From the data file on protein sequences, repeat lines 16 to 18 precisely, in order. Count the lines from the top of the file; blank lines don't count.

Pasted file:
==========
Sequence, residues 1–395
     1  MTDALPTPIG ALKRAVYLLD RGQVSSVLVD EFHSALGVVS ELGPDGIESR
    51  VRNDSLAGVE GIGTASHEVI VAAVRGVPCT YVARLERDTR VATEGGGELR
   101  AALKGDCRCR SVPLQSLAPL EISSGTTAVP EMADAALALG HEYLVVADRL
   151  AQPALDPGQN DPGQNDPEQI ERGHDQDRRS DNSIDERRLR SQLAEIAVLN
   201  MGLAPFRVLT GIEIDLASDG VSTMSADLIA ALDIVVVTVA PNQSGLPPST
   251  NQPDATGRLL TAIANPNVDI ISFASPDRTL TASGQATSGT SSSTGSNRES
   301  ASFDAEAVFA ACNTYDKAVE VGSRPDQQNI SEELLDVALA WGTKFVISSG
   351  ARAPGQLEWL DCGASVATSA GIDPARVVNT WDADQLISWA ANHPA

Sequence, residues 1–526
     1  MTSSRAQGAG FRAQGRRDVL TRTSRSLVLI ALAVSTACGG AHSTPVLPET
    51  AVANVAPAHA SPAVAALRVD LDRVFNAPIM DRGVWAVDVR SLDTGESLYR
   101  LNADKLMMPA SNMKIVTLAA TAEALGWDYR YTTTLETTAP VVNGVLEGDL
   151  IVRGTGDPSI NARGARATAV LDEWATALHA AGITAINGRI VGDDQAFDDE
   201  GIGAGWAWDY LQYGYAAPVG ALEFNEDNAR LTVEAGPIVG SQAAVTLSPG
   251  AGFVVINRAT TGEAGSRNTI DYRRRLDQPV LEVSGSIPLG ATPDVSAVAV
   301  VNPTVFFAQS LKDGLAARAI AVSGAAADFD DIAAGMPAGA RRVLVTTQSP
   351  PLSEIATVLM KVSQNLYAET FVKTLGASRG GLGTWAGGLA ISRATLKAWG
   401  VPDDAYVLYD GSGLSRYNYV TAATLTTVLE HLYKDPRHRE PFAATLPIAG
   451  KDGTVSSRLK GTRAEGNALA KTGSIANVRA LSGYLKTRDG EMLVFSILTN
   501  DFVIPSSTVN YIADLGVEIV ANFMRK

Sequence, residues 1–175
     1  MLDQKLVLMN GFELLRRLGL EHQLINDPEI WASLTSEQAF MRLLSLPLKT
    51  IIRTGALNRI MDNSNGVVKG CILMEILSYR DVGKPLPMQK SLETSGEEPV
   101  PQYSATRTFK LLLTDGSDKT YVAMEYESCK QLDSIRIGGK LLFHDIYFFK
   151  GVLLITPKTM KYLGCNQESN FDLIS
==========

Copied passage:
   251  AGFVVINRAT TGEAGSRNTI DYRRRLDQPV LEVSGSIPLG ATPDVSAVAV
   301  VNPTVFFAQS LKDGLAARAI AVSGAAADFD DIAAGMPAGA RRVLVTTQSP
   351  PLSEIATVLM KVSQNLYAET FVKTLGASRG GLGTWAGGLA ISRATLKAWG